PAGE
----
The new super predator in your backyard.
Wolves, it seems, faced with a scarcity of potential sexual partners are not beneath lowering their standards. It was desperation of this sort, biologists reckon, that led dwindling wolf populations in southern Ontario to begin, a century or two ago, to begin breeding widely with dogs and coyotes.
The clearance of forests for farming, together with the deliberate persecution which wolves often suffer at the hand of man, had made life tough for the species. That same forest clearance, though, both permitted coyotes to spread from their prairie homeland into areas hitherto exclusively lupine, and brought the dogs that accompanied the farmers into the mix.
Interbreeding between animal species usually leads to offspring less vigorous than either parent—if they survive at all. But the combination of wolf, coyote and dog DNA that resulted from this reproductive necessity generated an exception. The consequence has been booming numbers of an extraordinarily fit new animal (see picture) spreading through the eastern part of North America. Some call this creature the eastern coyote. Others, though, have dubbed it the “coy wolf”.
At 25kg or more, many coywolves have twice the heft of
purebred coyotes. With larger jaws, more muscle and faster
legs, individual coywolves can take down small deer. A pack
of them can even kill a moose.
Coyotes dislike hunting in forests. Wolves prefer it.
Interbreeding has produced an animal skilled at catching
prey in both open terrain and densely wooded areas.
Coywolves also tend to be as omnivorous as coyotes, eating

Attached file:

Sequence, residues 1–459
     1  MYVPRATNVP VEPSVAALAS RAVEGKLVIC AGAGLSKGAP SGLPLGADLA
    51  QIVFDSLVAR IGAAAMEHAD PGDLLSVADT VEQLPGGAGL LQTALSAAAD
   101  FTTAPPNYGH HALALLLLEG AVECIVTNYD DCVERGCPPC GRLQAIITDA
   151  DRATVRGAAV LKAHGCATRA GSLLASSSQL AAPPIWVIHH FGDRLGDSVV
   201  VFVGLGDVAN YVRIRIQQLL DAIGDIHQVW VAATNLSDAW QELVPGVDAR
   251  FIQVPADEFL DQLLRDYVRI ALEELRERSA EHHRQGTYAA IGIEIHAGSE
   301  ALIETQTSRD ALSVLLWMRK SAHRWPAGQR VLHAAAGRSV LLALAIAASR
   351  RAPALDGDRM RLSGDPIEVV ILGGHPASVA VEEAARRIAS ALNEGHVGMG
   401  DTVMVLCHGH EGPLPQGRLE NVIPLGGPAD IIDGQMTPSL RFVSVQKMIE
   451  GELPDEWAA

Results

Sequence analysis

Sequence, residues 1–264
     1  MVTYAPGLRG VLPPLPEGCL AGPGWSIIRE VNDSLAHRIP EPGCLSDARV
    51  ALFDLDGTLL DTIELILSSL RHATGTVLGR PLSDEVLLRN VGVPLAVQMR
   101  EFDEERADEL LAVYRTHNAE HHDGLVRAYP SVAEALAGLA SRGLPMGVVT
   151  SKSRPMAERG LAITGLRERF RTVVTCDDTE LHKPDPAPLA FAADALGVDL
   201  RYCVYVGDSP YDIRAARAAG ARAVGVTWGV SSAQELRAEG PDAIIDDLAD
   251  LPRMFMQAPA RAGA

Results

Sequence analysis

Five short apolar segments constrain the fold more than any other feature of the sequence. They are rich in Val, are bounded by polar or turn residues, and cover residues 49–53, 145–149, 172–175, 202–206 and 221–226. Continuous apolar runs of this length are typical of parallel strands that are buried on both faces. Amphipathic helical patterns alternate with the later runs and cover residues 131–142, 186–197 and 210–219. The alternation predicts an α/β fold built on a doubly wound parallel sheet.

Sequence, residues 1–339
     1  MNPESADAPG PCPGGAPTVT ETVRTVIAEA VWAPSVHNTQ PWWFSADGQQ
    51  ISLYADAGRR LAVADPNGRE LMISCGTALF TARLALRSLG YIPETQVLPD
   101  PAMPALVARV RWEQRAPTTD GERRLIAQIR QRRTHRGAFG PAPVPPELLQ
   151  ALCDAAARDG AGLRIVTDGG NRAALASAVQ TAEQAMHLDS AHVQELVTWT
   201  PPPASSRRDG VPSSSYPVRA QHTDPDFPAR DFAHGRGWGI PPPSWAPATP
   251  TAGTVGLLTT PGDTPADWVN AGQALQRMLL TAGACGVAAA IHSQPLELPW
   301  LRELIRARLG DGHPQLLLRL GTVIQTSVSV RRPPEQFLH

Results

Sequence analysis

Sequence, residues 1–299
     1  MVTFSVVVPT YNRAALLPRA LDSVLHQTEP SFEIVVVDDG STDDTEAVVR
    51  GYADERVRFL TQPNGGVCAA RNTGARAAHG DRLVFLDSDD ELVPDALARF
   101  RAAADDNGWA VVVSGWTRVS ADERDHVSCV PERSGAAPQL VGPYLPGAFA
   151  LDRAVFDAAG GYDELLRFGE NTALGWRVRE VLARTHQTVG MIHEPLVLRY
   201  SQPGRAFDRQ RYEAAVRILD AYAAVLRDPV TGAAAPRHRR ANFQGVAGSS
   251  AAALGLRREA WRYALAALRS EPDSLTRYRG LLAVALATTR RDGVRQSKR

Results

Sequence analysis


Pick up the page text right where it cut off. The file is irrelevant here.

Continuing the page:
just about anything, which naturally gives them a competitive
advantage. Coywolves eat pumpkins, watermelons and other garden produce, as well as discarded food. They also eat rodents and other smallish mammals. Many lawns and parks are kept clear of thick underbrush, so catching squirrels and pets is easy. Cats are typically eaten skull and all, with clues left only in the droppings.
The moral of this story is to keep your kids indoors or well watched in the territory of these hungry beasts.
First one that I ever saw in Western PA was sometime back in the 1990s. I was heading to a buddy's house to pick him up for a fishing trip at about 4AM. The thing came out of an apple orchard and ran for about 25 yards up the road, slightly in front of my car before popping back into the tree line. Pretty big sucker. About the size of a German Shepard. I didn't know what it was until there was an article in the newspaper a few weeks later.ReplyDelete
Yep, the coyotes we have around here are pure bred and about 60% the size of a German Shepherd.Delete
What this tells me is that coyotes, wolves and dogs are not different species, but different breeds of one species.ReplyDelete
Yup, they think my back yard is their highway. They're huge and very "wolfy" looking, especially if you only get a glimpse. I have pictures of one trotting through my backyard at about 4:30 in the afternoon in April a couple years ago. Easily over 50lbs and very wolf like till you got a good look at the muzzle structure.ReplyDelete